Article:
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| p.2 #14 · D800 dynamic range (at a wedding!) |
Also you should clarify what you mean by "properly exposed"
Certainly you've heard of "shoot to the right" which isn't necessarily a mantra involving shooting "properly exposed" ... this sensor may in fact benefit (more than any other on the market) from "shooting to the left" ... provided that it gets you mind-boggling images we can agree to call that "properly" right?
Hum... artist types using the word "properly" in conversation... tsk tsk tsk
i'll try. the OP wrote: "Camera was set for the outside shot, then we went inside and immediately jumped on the ski-ball machine. I got a proper exposed shot two frames later, but this was a great test."
his exposure for the flubbed shot was 1/320th, f/2.8, ISO100. He then pushed it 5 stops in LR to produce the shot he hoped to produce originally. so, in this particular case, a 'proper' exposure would be 1/320th, f/2.8, ISO3200 (or close to it).
artistically speaking, is anything really 'proper'? no. but this seemed more of a technical thread.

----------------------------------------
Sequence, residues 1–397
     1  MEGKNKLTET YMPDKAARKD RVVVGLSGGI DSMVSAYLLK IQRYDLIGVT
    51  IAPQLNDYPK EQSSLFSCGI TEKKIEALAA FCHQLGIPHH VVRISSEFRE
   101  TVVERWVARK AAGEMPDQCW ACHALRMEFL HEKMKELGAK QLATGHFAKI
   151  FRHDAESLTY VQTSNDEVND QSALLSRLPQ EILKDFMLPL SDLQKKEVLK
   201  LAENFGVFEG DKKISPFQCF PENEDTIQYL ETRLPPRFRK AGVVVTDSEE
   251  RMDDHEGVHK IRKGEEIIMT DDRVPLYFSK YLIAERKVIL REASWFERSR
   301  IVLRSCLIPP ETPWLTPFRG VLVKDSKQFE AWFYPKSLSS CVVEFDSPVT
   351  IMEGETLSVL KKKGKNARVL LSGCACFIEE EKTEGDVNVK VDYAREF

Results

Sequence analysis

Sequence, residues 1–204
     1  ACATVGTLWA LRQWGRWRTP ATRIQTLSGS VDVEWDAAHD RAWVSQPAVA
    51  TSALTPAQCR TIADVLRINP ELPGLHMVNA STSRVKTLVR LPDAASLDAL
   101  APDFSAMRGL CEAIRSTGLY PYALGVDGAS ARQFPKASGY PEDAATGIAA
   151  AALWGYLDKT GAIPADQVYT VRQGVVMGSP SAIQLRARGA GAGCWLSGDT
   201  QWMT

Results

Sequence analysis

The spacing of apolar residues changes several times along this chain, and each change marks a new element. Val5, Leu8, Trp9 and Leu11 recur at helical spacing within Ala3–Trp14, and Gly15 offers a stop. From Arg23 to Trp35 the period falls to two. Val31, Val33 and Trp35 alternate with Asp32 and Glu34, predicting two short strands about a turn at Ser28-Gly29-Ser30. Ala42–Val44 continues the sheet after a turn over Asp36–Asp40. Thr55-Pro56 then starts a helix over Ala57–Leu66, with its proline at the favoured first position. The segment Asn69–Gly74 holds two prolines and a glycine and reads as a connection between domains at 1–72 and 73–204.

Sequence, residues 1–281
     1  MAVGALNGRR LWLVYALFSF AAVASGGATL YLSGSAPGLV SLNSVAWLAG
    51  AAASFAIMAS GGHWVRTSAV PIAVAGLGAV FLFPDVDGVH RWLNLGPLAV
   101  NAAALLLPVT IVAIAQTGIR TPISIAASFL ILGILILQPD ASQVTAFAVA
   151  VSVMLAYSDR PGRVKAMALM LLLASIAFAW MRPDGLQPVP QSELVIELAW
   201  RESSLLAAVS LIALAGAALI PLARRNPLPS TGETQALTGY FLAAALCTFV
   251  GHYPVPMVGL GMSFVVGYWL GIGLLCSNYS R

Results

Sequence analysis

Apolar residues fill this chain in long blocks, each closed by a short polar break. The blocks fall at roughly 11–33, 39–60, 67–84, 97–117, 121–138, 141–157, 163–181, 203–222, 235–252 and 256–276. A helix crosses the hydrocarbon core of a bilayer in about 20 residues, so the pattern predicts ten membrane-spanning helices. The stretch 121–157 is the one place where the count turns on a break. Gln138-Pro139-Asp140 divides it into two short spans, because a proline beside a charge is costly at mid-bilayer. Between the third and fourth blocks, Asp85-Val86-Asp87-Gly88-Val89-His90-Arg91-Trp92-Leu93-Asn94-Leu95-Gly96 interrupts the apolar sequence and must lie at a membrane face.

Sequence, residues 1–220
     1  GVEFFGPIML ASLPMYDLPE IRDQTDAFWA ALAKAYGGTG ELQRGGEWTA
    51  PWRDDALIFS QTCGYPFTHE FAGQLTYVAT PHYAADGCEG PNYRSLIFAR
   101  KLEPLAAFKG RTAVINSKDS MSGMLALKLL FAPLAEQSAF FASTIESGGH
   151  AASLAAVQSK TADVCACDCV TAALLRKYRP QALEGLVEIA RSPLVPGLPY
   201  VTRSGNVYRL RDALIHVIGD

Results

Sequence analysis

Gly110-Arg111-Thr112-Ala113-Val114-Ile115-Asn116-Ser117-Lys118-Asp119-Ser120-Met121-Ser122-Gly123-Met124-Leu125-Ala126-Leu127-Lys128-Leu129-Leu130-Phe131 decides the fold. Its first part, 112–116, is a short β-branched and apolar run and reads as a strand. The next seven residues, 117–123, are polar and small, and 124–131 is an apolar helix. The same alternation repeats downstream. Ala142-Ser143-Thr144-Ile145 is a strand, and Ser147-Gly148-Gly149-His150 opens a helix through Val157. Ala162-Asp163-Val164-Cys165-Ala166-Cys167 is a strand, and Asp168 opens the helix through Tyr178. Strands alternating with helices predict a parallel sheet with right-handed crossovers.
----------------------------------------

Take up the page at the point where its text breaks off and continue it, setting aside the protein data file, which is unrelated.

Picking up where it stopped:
i did a quick google search for 'proper exposure' and came to luminous landscapes. here is what they say (and I agree with):
"2 - The Importance of Proper Exposure
Exposing each photograph properly is of utmost importance in order to get the best print possible from this one image. This is because, whether you use film or digital capture, your original film or digital image contains all the information you will ever get of the scene you photographed.
Ansel Adams was originally trained as a professional pianist. He often made comparisons between photography and music. In regard to exposure, he compared the negative to the score and the print to the performance. Today, we can extend this score to transparencies and Raw files. The performance, the print, has not changed. Neither has the overall idea behind Adamsí comparison. The better the score, the better the performance will be.
In order to get the best score possible, you want as much information from the scene you photographed recorded on film, or on the Raw file, as possible. Ideally, you want details everywhere in the scene. Since the two most important areas of this scene are the shadows and the highlights areas, you want to make sure that you have details in both.
The problem is that getting details in both shadow and highlight areas is difficult. This difficulty stems from the contrast range that can be captured by the specific film, or digital sensor, you are using. This contrast range, which is measured in f-stops, varies from film to film and from sensor to sensor. From this statement we can already deduce one of the most important tenets of exposure: in order to expose your film, or digital file, properly, you must know its contrast range."
Edited on May 11, 2012 at 06:13 PM · View previous versions